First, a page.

# Recursion in lambda expressions

Alright, so I have two recursion functions with the exact same purpose:

``````let Fac = { n -> n == 0 ? 1 : n * Fac(n - 1) }

function! Fact(n)
return a:n == 0 ? 1 : a:n * Fact(a:n - 1)
endfunction
``````

While `Fact` works fine, recursive use of `Fac` seems to confuse vim:

``````:echo Fac(10)
Error detected while processing function <lambda>20:
line    1:
E117: Unknown function: Fac
-1
``````

Does lambda expression not support recursion, or did I call `Fac` in an incorrect way?

It is possible, but you must refer to Fac as a "global" with `g:` to allow the lambda to refer to "itself," even if it is not actually defined already.

``````let Fac = { n -> n == 0 ? 1 : n * g:Fac(n - 1) }
echo Fac(6)
``````

If we want to avoid global variables there are two issues:

1. Fac needs to be "dummy defined" for any closure to take effect.

2. At script level, the function is called s:Fac. Although it will work inside a function, with local variables.

It is possible to do this at script scope using `s:` as follows:

``````let s:Fac = { n -> 1 }
let s:Fac = { n -> n == 0  ? 1 : n * s:Fac(n - 1) }
echo s:Fac(6)
``````

Or at local function scope:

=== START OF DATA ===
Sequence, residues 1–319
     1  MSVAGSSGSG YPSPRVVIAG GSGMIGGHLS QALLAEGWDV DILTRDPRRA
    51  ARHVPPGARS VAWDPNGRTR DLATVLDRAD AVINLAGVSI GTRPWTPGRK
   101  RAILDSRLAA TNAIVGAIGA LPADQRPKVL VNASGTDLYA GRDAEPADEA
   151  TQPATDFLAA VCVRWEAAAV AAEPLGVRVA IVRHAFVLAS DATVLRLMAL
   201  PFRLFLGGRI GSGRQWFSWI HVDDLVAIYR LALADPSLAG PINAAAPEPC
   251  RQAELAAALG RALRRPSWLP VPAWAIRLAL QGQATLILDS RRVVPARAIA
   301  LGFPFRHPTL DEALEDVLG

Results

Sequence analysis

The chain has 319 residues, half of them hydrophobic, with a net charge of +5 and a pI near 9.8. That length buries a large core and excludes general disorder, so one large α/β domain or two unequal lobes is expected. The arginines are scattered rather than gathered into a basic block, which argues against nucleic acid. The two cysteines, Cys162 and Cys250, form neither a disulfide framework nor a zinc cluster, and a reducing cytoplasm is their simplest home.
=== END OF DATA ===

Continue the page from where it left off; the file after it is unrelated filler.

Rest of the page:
``````function DoSomething()
let Fac = { n -> 1 }
let Fac = { n -> n == 0 ? 1 : n * Fac(n - 1) }
echo Fac(6)
endfunction
call DoSomething()
``````

vim9script improves this situation somewhat, since it allows "declaring" variables by type annotation. It also works at script scope.

``````vim9script

var Fac: func(number): number
Fac = (n: number): number => {
return n == 0 ? 1 : n * Fac(n - 1)
}
``````
• What a bizarre behaviour... is it still possible to define `Fac` at the script level, or must I be declaring with `function` keyword? Commented Nov 4, 2022 at 10:40
• Yes, but for syntax reasons you must use `g:` or `s:` as follows: `let Fac = { n -> 1 } | let Fac = { n -> n == 0 ? 1 : n * g:Fac(n - 1) } | echo Fac(6) ` ~OR~ `let s:Fac = { n -> 1 } | let s:Fac = { n -> n == 0 ? 1 : n * s:Fac(n - 1) } | echo s:Fac(6) `
– Mass
Commented Nov 4, 2022 at 22:57
• Tested in ex mode, it looks like vim is comfortable even without the dummy in this way: `:echo Fac; E121: Undefined variable: Fac; :let Fac = { n -> n == 0 ? 1 : n * g:Fac(n - 1) }; :echo Fac(8); 40320` Commented Nov 5, 2022 at 10:16
• @Futarimiti, you're right this works because the function is global and has late binding. I have updated my answer accordingly.
– Mass
Commented Nov 6, 2022 at 2:55

I'm not sure if it's worth to do but, at least, it's worth to mention that we can also parse the call stack to get lambda's name. And so we have

``````" Calling the caller
function! Self(...) abort
return expand('<stack>')->split('[\d\+\]\.\.\|\s')[-2]->call(a:000)
endfunction

" will print 720
:echo call({ n -> n <= 1 ? 1 : n * Self(n - 1) }, [6])
``````
• Not exactly what I'm looking for but really innovative idea :) +1 Commented Nov 5, 2022 at 14:38